“For a long time, the mainstream perception of Manchester was a very laddish one. It was about celebrating a very white, male culture. We felt that there were other stories that needed to be told and the way to destabilise the dominant historical narrative was to give people a platform to talk about what’s important to them.”

For Abigail, the stories about Manchester’s music scene reveal it as a “radical, pioneering and political city”. That’s her personal experience too. “I am from Preston in Lancashire, which is about 40 minutes away, but it might as well have been 40 million miles away in terms of my ability to get to Manchester. I grew up obsessing about bands like Magazine and The Smiths. Listening to Morrissey in particular made me feel less lonely as a person who was confused about my sexuality. I would pound the streets with my Walkman listening to what he was saying and, when I was very young, Manchester seemed like a romantic place to be. It also seemed like a safer city to come out in.

“With my focus on LGBT club culture I have tried to tell a story about how lots of people only a few years older than me protested on the streets against things like Section 28 in the 80s and 90s. These demos helped to make Manchester a safer space for gay people, so that when someone like me came along, there were good clubs to go to. I’d never even met another gay person before I came here.”

It was in the 1990s, when Abigail arrived in Manchester, that Manto club was launched on Canal Street, flouting the secrecy of gay venues by installing full-height plate glass windows. DJ Tim Lennox had been building the house and dance music scene at the gay-friendly Number 1 Club and that led to the birth of Flesh, a popular house night at the Haçienda billed as ‘Serious Pleasure for Dykes and Queers’.

“As a curator, I would say the thread in my work is celebrating and exploring when communities come together through their music and club life to protest oppression. It doesn’t have to be under a specifically political banner. It’s the coming together and being visible that’s a political act. That’s when the best parties happen.”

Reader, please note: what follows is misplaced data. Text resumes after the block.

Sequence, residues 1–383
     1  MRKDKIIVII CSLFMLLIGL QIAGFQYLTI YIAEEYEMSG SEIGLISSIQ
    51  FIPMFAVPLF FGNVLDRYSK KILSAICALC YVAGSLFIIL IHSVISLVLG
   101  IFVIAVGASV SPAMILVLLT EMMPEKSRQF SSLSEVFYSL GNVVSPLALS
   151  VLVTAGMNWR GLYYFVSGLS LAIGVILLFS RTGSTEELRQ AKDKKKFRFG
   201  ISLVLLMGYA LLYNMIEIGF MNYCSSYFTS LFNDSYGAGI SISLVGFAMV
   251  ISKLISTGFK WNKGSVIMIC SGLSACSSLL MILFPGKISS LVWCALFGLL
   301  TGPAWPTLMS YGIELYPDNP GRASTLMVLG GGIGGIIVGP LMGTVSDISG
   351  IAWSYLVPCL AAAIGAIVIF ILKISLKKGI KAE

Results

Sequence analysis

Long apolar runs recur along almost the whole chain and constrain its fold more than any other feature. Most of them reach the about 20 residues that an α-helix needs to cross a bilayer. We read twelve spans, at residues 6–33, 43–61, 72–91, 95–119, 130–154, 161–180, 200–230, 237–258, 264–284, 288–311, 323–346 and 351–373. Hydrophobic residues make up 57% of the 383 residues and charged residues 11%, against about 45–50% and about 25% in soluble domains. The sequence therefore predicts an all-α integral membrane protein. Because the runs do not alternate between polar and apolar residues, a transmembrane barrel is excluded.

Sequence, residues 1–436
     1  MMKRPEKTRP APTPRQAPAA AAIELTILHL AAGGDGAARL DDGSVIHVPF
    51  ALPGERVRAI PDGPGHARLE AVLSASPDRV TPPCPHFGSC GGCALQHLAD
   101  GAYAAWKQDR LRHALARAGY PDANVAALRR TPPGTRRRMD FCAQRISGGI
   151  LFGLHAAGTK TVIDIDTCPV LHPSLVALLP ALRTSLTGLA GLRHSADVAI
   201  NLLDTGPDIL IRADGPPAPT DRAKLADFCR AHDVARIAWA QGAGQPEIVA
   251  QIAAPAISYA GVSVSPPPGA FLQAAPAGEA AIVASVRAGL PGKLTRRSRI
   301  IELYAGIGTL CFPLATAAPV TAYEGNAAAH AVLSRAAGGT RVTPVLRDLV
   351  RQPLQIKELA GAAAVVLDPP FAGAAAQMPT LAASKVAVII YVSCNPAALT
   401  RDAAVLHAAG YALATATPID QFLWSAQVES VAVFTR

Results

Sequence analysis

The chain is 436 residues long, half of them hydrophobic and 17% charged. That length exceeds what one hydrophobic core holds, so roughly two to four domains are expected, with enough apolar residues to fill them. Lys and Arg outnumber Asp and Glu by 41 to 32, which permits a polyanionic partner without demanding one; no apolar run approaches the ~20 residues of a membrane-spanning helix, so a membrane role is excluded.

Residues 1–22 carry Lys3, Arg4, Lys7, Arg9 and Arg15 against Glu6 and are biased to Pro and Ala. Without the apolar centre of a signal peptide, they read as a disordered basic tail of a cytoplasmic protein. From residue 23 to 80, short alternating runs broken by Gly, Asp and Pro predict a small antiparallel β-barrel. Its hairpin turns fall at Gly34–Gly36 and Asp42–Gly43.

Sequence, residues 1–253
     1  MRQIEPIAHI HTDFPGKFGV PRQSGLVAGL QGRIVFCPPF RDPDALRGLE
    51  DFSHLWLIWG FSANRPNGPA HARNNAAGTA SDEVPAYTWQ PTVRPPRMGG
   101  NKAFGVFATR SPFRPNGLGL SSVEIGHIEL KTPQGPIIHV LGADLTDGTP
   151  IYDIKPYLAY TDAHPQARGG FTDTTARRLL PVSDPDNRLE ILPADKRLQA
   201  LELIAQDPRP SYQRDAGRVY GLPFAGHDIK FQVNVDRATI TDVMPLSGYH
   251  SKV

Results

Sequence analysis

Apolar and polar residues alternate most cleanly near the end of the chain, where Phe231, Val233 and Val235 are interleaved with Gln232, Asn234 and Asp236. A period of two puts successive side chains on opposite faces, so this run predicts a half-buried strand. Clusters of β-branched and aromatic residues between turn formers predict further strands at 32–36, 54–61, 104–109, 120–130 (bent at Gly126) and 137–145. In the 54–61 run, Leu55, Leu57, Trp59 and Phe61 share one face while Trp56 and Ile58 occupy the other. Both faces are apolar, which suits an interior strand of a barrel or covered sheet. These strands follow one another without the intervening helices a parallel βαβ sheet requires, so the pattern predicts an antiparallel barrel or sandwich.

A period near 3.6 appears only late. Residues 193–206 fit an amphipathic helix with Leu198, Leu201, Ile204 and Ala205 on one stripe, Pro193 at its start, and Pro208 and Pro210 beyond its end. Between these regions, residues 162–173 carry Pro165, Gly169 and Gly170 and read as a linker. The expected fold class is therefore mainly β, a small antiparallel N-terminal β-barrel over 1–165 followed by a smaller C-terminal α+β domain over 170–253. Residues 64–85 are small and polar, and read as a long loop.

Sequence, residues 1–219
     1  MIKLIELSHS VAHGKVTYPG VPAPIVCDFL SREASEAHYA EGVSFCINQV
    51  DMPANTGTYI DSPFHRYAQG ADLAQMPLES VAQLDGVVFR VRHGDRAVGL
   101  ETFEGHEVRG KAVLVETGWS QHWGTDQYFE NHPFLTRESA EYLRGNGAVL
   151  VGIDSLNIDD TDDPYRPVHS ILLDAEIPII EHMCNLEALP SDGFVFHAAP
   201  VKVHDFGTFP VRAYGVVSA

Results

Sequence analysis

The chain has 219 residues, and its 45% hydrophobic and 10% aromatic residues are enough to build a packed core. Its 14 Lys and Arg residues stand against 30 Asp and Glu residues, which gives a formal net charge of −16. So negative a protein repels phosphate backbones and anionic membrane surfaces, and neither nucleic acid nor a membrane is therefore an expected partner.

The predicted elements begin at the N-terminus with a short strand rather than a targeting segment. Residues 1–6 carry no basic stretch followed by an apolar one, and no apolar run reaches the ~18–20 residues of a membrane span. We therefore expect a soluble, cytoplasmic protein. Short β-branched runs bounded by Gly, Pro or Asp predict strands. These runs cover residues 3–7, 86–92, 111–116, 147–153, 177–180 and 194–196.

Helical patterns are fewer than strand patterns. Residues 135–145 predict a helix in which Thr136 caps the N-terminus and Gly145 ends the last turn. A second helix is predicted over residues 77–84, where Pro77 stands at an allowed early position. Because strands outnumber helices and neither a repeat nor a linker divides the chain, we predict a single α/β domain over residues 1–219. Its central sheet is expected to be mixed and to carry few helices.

You can explore the Manchester District Music Archive here and their collections on Historypin are here.

Abigail and friend Duncan preparing for Homo Electric New Year's Eve Millennium bash at Follies nightclub.
Abigail and friend Duncan preparing for Homo Electric New Year’s Eve Millennium bash at Follies nightclub.

Abigail’s favourite pieces change all the time, but here are her current top three:

1. The article from NSM magazine in 1986 about lesbian nightlife in Manchester (pages 1, 2 and 3) – with photos by Michelle Smith.

Lesbian Night Article page 2

2. A reggae poster for when the reggae artist Johnney Osbourne came to play at the PSV club. “When he came on stage it turned out he was an imposter who was performing under Johnny Osbourne’s name. It obviously kicked off massively in the club.”

Johnney Osbourne poster, artefact supplied by Dubwise-er
Johnney Osbourne poster, artefact supplied by Dubwise-er

3. A photo of Jonny Cash at the Astoria Plymouth Grove: “This is a beautiful shot by a guy called Brian Smith, who was just a fan in the audience. The venue is on the street that I first moved to in Manchester. It’s a fantastic picture of Jonny. It’s his first ever gig in the UK. It’s an Irish social club. And in the background you can see the clock and it’s just past midnight. It just really does it for me.”

Jonny Cash in Manchester, Photo by Brian Smith
Jonny Cash in Manchester, Photo by Brian Smith

Celebrating independent music venues

image003Anyone listening to Muse’s Muscle Museum would be forgiven for raising an eyebrow at the lyric “I have played in every toilet”. Rather than a reference to the extremes a band might go to for exposure, the words are an affectionate nod to the string of independent music venues in the UK, known as the “toilet circuit”.